Social media engagement insights, news, and tips.
The same way you wouldn’t allow rude words and nasty things to be sprayed on your brand’s billboard, you shouldn’t allow your Facebook advertisements to be destroyed by spam and hateful speech from a few disgruntled customers. According to a survey by Zendesk in 2013, 86% said that they would change their opinion about purchasing a service or a product after reading negative comments online. The same study also stated that Facebook is one of the most popular platforms that customers find product reviews from. Everyone is of course entitled to their own opinion, but when this opinion is stated beneath an advertisement that you are pushing out to millions of prospective customer, you need to make sure that the opinion is not destroying your brand reputation.
Wix's Facebook ad with counterproductive comments
2. Prospective customers lost to competitors
Promoted posts on Facebook have proven to act as excellent platforms for competitors or affiliate marketers to advertise themselves on your ads. By posting links to their own products on your ads, competitors are reaching your target audience in the best possible way without having to spend a dime. To chip in to the complication, 79% of consumers trust online reviews as much as personal recommendations, according to the 2013 Local Consumer Review Survey by BrightLocal. When “Susan Jones” (with a profile picture from a stock photo site and 1 Facebook friend) writes that she recommends people to use “B’s products” instead of your products and adds a discount link to the comment, a lot of prospective clients may be tempted to follow her lead.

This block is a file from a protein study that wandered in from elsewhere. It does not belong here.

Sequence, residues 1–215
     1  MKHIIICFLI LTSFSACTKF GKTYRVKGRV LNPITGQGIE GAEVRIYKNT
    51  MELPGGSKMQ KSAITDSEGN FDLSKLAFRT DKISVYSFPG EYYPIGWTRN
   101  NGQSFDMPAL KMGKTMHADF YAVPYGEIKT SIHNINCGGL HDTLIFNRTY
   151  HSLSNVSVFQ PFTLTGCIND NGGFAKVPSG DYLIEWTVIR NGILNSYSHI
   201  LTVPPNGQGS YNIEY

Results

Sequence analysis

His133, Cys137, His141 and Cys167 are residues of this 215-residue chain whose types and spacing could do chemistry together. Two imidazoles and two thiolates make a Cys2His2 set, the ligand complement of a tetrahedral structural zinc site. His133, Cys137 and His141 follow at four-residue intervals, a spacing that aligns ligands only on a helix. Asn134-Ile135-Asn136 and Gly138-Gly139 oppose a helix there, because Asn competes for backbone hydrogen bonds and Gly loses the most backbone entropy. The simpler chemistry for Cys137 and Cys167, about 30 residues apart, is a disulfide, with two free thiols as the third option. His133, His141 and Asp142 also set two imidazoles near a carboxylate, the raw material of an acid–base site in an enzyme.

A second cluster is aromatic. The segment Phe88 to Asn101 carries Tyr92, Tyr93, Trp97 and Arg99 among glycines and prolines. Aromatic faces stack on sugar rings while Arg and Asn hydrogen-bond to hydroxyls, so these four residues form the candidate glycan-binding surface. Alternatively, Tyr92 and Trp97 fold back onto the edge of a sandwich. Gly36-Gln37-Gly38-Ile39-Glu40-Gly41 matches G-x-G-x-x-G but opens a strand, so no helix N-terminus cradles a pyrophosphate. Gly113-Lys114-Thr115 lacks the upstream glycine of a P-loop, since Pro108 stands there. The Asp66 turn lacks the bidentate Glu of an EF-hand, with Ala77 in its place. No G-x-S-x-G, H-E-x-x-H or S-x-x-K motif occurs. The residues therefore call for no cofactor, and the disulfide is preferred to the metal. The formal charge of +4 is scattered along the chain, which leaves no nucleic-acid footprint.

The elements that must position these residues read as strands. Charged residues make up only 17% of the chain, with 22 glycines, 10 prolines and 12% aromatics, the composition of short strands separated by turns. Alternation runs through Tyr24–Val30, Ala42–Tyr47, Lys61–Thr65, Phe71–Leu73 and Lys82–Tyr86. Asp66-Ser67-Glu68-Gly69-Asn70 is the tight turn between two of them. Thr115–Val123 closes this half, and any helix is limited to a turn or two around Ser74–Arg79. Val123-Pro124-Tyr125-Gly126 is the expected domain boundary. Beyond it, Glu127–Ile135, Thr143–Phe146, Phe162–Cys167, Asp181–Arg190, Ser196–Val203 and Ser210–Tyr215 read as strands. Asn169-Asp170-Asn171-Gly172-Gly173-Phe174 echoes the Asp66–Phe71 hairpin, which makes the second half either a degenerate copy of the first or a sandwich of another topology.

According to Nexgate Spam report in 2013, fans are less likely to click on a page’s link if they are exposed to other links visible on your Facebook page. Many brands have contributed a big part of their advertising budget to Facebook promoted posts, only to discover less than optimal click-through rates. Some may try to change the ad format and get optimization experts involved, without realizing that there’s nothing wrong with the ad – only the comments on the ad.
The solution to all of the problems above is to take full control of your ads, monitor and moderate them on a regular basis. This could be carried out by assigning a member of your team to go through them regularly, removing harmful content and at the same time engaging and answering any questions your target audience may have. This should preferably be done on a 24/7/365 basis.
Whether you’re a fitness brand, gaming brand, retail brand, or B2B brand, your audience is browsing on YouTube. YouTube ...Read full article